Learning to Be Assertive: Part 1

Health Writer

It's hard to stand up for yourself, especially when you have anxiety. You might know what you want, how you want it and know when other people are taking advantage of you. Even so, you find it easier to stay silent than to speak up. You prefer to "not rock the boat." You don't want to disappoint others and don't want to make someone angry.

What is Assertiveness?

Assertiveness is a balancing act. You express your wants, needs and opinions while at the same time respecting the other person has their own wants, needs and opinions. It is accepting that your rights and opinions are valid. It is accepting that you have the right to be treated fairly and with respect. But it is also accepting the same about others. When you are assertive, you don't intimidate or threaten others but you also don't let others take advantage of you.

When you are assertive, you:

  • Can say "no" without feeling guilty or ashamed
  • Initiate or end conversations
  • Share your opinions and feelings with others
  • Refuse to comply with someone's request
  • Address problems
  • Ask for what you want or need
  • Ask for favors
  • Set boundaries for yourself

Because assertiveness also means you respect other people's rights and needs, part of assertiveness is taking responsibility for your actions. For example, you have the right to make choices but you also have the responsibility to accept the consequences of those choices. You have the right to express your opinion but also have the responsibility of not putting someone else down because of their opinion.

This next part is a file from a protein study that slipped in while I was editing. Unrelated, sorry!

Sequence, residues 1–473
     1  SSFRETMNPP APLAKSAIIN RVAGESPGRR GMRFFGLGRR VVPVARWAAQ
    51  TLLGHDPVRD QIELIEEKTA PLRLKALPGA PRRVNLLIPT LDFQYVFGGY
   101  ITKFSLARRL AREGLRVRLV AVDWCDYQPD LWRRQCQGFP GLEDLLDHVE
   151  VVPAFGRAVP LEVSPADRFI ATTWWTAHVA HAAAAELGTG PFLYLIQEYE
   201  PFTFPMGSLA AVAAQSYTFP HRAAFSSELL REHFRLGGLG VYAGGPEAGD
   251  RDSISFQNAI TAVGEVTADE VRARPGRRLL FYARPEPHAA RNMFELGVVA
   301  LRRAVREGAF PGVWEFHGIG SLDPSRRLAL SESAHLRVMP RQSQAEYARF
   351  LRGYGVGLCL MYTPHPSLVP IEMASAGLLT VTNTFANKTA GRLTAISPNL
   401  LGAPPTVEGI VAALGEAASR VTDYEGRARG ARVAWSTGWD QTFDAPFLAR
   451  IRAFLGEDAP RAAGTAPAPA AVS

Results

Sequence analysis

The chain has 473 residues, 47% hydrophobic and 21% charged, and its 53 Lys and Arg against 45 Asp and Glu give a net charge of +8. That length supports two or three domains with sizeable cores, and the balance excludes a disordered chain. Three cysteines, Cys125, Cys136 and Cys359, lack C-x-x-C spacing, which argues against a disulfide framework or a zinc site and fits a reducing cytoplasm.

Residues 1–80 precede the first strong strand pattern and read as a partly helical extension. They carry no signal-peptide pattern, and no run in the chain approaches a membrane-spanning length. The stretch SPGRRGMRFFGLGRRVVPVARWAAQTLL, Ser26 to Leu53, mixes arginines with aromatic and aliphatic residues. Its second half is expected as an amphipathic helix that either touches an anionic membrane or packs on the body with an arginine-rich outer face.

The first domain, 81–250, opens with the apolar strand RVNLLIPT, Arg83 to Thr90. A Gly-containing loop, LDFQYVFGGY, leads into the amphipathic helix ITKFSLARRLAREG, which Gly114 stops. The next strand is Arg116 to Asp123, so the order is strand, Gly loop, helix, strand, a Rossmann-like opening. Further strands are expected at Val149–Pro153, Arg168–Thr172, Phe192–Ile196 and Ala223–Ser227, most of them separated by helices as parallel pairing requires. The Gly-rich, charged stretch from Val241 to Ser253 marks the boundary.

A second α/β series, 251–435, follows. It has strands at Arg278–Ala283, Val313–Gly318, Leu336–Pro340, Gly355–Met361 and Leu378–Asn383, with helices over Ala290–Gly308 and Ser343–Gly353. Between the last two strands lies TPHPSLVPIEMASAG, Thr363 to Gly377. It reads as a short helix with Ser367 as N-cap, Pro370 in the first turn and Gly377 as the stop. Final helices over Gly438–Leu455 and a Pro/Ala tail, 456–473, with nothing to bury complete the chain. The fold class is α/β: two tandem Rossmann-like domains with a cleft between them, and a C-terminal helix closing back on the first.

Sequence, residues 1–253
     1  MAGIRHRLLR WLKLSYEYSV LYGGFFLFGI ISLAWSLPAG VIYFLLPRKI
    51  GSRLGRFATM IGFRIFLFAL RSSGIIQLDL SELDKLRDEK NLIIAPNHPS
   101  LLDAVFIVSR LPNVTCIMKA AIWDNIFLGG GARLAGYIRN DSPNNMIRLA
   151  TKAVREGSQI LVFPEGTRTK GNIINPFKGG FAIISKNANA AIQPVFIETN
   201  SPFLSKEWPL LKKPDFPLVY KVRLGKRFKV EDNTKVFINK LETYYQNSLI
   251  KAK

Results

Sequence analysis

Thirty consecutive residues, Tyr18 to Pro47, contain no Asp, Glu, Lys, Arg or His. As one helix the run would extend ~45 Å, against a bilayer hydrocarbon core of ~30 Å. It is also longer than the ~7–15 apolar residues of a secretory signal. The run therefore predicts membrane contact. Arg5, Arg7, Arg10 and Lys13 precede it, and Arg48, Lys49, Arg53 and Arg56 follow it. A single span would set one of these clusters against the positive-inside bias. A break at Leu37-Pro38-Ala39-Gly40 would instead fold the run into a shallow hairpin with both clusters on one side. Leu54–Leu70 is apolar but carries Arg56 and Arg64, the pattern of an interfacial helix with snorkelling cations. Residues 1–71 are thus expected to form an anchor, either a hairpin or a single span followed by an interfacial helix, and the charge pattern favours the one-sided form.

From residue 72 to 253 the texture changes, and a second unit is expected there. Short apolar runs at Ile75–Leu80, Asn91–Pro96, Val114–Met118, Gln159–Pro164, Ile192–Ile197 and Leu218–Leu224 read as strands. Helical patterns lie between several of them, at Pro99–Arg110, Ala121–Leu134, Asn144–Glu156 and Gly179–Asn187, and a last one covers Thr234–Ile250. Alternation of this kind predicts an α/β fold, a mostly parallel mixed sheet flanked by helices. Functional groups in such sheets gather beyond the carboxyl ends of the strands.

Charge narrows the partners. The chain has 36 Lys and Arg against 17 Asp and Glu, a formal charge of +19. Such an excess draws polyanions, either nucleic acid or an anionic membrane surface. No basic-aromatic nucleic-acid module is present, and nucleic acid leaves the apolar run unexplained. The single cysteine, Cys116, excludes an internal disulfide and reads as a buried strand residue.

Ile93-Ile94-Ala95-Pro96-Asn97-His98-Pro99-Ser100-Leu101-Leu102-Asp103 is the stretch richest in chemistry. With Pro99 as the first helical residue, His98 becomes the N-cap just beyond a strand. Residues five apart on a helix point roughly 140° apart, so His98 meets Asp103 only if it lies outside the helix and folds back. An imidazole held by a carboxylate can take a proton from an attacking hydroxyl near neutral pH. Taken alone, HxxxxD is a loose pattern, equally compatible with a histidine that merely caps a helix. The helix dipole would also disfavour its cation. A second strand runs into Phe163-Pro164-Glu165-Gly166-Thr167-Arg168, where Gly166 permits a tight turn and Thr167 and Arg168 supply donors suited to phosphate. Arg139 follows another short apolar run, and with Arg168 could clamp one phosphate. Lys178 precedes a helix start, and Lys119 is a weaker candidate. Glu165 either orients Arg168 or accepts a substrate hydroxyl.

Passive, Assertive, Aggressive

Assertiveness is taking the middle ground. When you are passive, you don't speak up for yourself, you keep your opinions to yourself. When you are aggressive, you believe your opinion is the only one that matters and you attack (verbally or physically) others when their opinion differs from yours. Some examples:

  • Speaking softly - Passive

  • Speaking loudly - Aggressive

  • Speaking in a conversational tone - Assertive

  • Afraid to speak up or share your opinion,   may verbally agree even if it doesn't reflect your feelings - Passive

  • Interrupting, putting someone down when opinions differ, demands that others listen and agree - Aggressive

  • Stating your opinion and listening to the other person's opinion - Assertive

A passive person lives their life with the attitude, "You win, I lose," because he is afraid to speak up. An aggressive person lives with the attitude, "I win, you lose." He isn't willing to accept that anyone else' opinion matters. An assertive person lives with the attitude, "I win, you win," because he values himself and others.

Assertiveness and Anxiety

Being assertive is scary. But, not being assertive is damaging. When you silently sit back and let others take advantage of you or you don't let someone know you are unhappy about a situation, you end up feeling more anxious than before. Add to that the anger, resentment and frustration you might feel.

You might worry that being assertive means you are being mean, pushy, obnoxious. You might worry that other people won't agree with you or won't like you if you speak your mind. Remember, assertiveness is not about putting other people down or pushing your opinion on to others. It is effectively communicating information about you, your needs and your wants.

Learning to be assertive is a positive step toward managing your anxiety. In next week's posts, we wil talk about steps you can take to become more assertive.